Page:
For the week ahead, gold was projected to test $1,750-$1,740 – or even $1,722 – followed by a renewed upside attack on $1,788 and $1,802.

“Strong accumulation and acceptance above $1,800 can open the gates to $1,842, which is a major resistance and target,” Dixit added.

Disclaimer: Barani Krishnan does not hold positions in the commodities and securities he writes about.

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Top 5 things to watch in markets in the week ahead

Top 5 things to watch in markets in the week ahead© Reuters

By Noreen Burke

Investing.com — Friday’s U.S. jobs report for November will be the main highlight of the coming week as investors remain hopeful that the Federal Reserve will soon slow the pace of rate hikes. Remarks by Fed Chair Jerome Powell mid-week will be closely watched. Eurozone inflation data will also be in the spotlight, as will PMI data out of China amid concerns over a resurgence of COVID cases there. Here’s what you need to know to start your week.

  1. Nonfarm payrolls

Expectations that the Fed may soon slow the pace of its aggressive were boosted by last week’s from the central bank’s November meeting. Friday’s U.S. jobs report for November will put those expectations to the test.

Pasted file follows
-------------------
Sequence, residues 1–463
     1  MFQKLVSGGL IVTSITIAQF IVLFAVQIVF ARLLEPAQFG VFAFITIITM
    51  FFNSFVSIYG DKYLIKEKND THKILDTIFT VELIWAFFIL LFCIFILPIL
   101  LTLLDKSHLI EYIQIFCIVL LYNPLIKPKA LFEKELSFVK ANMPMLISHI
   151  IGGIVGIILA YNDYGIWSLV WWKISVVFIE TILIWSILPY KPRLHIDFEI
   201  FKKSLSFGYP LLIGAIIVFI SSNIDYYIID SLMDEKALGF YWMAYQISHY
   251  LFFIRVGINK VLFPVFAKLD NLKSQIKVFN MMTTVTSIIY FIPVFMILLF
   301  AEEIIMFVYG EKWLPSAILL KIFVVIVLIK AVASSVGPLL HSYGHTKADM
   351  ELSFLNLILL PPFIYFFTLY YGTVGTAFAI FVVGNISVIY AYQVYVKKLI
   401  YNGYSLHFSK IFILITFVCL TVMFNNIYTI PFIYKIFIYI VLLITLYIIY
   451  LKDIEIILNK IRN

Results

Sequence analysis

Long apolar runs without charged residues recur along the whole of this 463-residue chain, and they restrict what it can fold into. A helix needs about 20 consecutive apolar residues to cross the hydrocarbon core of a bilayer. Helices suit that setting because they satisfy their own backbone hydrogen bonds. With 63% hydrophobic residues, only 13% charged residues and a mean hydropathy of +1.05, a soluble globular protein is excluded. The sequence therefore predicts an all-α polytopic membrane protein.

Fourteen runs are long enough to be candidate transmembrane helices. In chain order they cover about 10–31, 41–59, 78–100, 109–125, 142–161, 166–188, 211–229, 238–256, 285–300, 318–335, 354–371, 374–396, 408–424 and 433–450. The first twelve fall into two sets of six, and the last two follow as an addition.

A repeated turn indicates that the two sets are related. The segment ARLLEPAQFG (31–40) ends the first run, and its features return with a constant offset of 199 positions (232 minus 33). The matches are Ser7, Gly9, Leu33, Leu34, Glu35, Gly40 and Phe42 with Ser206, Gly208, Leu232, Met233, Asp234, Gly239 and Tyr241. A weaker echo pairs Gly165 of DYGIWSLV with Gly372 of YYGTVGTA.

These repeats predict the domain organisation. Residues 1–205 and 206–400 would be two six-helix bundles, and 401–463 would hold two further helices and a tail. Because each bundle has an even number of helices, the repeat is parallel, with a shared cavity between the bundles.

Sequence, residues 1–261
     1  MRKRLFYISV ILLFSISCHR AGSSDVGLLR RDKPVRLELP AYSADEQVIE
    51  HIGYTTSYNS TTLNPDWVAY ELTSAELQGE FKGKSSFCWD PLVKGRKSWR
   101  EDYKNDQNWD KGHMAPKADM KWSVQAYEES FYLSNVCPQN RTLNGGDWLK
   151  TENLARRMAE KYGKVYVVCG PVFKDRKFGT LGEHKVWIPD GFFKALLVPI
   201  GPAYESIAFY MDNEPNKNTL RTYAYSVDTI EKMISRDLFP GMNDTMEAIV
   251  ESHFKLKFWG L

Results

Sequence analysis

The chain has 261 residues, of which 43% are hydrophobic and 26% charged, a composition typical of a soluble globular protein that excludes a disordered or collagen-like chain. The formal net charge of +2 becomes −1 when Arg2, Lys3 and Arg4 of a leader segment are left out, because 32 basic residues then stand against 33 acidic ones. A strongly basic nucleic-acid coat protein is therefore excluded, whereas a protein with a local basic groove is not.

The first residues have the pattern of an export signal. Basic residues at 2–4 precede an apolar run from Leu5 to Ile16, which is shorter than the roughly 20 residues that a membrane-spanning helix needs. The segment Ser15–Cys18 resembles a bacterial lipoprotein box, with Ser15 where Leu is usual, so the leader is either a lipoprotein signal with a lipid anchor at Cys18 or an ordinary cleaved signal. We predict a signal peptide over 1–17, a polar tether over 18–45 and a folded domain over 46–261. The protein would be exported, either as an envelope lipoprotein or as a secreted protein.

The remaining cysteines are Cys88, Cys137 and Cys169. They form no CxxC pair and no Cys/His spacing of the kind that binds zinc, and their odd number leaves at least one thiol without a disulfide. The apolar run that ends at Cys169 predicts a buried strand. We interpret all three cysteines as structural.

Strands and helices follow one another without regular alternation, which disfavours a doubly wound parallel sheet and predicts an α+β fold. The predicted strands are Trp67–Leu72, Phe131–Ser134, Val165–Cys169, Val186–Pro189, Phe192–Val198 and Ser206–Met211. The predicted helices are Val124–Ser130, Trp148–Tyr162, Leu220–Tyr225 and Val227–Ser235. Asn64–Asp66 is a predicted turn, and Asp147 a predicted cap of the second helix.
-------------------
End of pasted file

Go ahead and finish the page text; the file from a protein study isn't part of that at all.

Economists are expecting the U.S. economy to have added new jobs, in what would be the smallest increase since December 2020.

The jobs report is also expected to show that growth in is moderating, while the unemployment rate is expected to hold steady just above a five-decade low at .

It will be the last nonfarm payrolls report before the Fed’s final meeting of the year in December.

But investors have reason to remain cautious – five of the last six jobs reports have come in better than forecast and another strong reading could spell trouble for U.S. stocks.

  1. Fedspeak

Fed Chair Jerome is to discuss the economic outlook during an appearance at the Brookings Institution on Wednesday.

While Powell has indicated that the Fed could shift to smaller rate hikes next month, he has also said rates ultimately may need to go higher than policymakers thought would be needed by next year.

Meanwhile, St. Louis Fed President James and New York Fed President John are both due to make appearances on Monday.

The economic calendar also features the and the Fed’s favored measure of inflation – the – both of which are published on Thursday.

Other reports during the week include , , and the Fed’s .

  1. Retail stocks